Supreme Court hearings are moving forward, despite COVID-19 diagnoses for senators
WASHINGTON – Although the Senate will not return to session until Oct. 19, the Senate Judiciary Committee is pushing forward on the nomination of Amy Coney Barrett to the Supreme Court as scheduled next week.
The timeline of Coney Barrett's confirmation hearing was thrown into question Friday after two Republican senators on the Judiciary Committee tested positive for COVID-19: Mike Lee of Utah and Thom Tillis of North Carolina. Both attended a Rose Garden ceremony announcing President Donald Trump's choice of Barrett to replace Ruth Bader Ginsburg on the high court. Several people in attendance, including the president, have since tested positive for COVID-19.
Senate Majority Leader Mitch McConnell said in a statement Saturday that he will obtain a consent agreement for the full Senate session to remain out for two more weeks. But Republican leaders have maintained that the scheduled four days of hearings for Barrett will begin as planned Oct. 12. Democrats have been urging to delay the hearings until at least after Election Day.
McConnell said in his statement that “the important work of the Senate’s committees can and will continue as each committee sees fit.”
“Since May, the Judiciary Committee has operated flawlessly through a hybrid method that has seen some Senators appear physically at its hearings while other members have participated virtually,” McConnell said. “The Committee has utilized this format successfully for many months while protecting the health and safety of all involved. Certainly all Republican members of the committee will participate in these important hearings.”
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But Senate Minority Leader Chuck Schumer has called on McConnell to delay the hearings, saying in a news conference Sunday that “if it's not safe for the Senate to meet in session, it's not safe for the hearings to go forward.”
Schumer said holding the hearings puts senators and members of their staff in danger, and he doesn’t believe Barrett can be properly examined through a virtual hearing.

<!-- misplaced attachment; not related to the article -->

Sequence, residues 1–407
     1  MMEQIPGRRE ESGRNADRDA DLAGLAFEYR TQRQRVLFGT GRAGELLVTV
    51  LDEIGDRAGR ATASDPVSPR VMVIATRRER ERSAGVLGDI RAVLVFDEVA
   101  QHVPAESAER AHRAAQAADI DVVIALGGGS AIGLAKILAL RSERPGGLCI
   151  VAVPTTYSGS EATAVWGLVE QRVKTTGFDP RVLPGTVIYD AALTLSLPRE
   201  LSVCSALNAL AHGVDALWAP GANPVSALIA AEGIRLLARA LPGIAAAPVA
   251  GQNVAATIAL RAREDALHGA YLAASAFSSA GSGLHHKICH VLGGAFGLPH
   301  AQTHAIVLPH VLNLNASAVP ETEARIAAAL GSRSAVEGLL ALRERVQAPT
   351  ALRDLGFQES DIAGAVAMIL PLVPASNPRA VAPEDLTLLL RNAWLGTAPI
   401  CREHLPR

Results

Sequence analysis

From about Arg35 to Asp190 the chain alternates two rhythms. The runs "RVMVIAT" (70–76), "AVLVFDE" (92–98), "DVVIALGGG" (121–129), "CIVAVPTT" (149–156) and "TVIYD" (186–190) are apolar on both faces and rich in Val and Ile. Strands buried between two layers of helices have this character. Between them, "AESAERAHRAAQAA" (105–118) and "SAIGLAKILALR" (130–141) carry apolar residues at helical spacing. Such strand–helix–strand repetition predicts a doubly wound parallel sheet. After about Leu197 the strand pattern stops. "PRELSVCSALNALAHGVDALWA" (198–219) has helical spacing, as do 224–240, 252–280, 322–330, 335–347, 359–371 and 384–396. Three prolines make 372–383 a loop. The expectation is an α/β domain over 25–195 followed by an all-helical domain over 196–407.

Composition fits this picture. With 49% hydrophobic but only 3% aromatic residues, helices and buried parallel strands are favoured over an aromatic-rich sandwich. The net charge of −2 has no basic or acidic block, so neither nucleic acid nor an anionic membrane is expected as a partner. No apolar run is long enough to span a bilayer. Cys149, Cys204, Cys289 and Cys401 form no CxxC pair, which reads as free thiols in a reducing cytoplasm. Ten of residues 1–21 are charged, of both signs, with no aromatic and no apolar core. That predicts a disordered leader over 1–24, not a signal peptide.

“There is no reason on God's green earth why they shouldn't be delayed, other than an effort to rush a witness through in an inadequate hearing, where people can't even see the witness face to face,” Schumer said.
Republicans united on the support for confirmation hearings
Judiciary Committee Chairman Sen. Lindsey Graham said Saturday that Barrett is going to be confirmed “safely.”
“We’re going to have a hearing for Amy Barrett, the nominee to the Supreme Court. It will be done safely,” Graham said during a debate with his Democratic challenger, Jaime Harrison. “But I’ve got a job to do, and I’m pressing on.”
Sen. Tom Cotton, R-Ark., who is not a member of the Judiciary Committee, said Sunday that the hearings could be done online, as 20 other committee hearings have been this year.
“The hearing is going forward, no doubt in my mind, starting a week from (Monday),” Cotton told Fox News’ “Sunday Morning Futures.” “I think every senator who has tested positive or is in isolation will be back to work, under normal conditions, as other senators have been as well.”
Cotton also predicted Barrett would be confirmed by the end of October and noted that senators in past years have voted despite serious ailments.
“There is a long tradition of ill or medically infirm senators being wheeled in to cast critical votes on the Senate floor,” Cotton said. “Most recently, (late West Virginia Democratic Sen.) Robert Byrd in 2009 repeatedly rolled in, in a wheelchair, just months before his death to vote for Obamacare.”
“I’m confident that every senator will be in attendance when his or her vote is needed,” he continued.
Can Democrats do anything to delay?
When asked if there are now procedural options for Democrats to delay the hearings now with two senators diagnosed with COVID-19, Schumer said they don’t have options to delay the hearings, but “we will have many more procedural options when it comes to a vote in the Senate committee and a vote on the floor, and we will use every tool in the toolbox to delay and not have the votes occur.”
Schumer also called on the public to pressure senators who have COVID-19 and those who don’t to delay the hearings.
“We should be delaying these hearings so we can have a full and fair hearing, not something over Zoom,” Schumer said. “That doesn't measure up when you have the most important appointment that the Senate makes for a lifetime.”
Other Democrats have joined the call for hearings to be delayed, including Sen. Amy Klobuchar of Minnesota, a Democratic member of the Judiciary Committee, who said it should be postponed until after the Nov. 3 election.
“We should let the people decide,” Klobuchar told Fox News Sunday. “Decide who the president is after this election and let them pick the nominee.”
Like Schumer, Klobuchar warned that it’s possible more senators will become sick, after Republicans have congregated with Trump and others who were later found to be infected.
“I don't know why you would ram through this Supreme Court hearing, put people in danger because it would be within that two-week period,” Klobuchar said. “I just think it's wrong. We are suggesting that we wait.”
Although the Judiciary Committee held other virtual hearings, Klobuchar said, that shouldn’t be the case for a Supreme Court vacancy. Klobuchar said she helped organize previous virtual hearings, but she said senators need an opportunity to have exchanges with the nominee in their questioning about the Affordable Care Act and other issues.
“Absolutely not. This is for the highest court of the land,” Klobuchar said. “Again, we believe you should have an in-person hearing.”
Contributing: Bart Jansen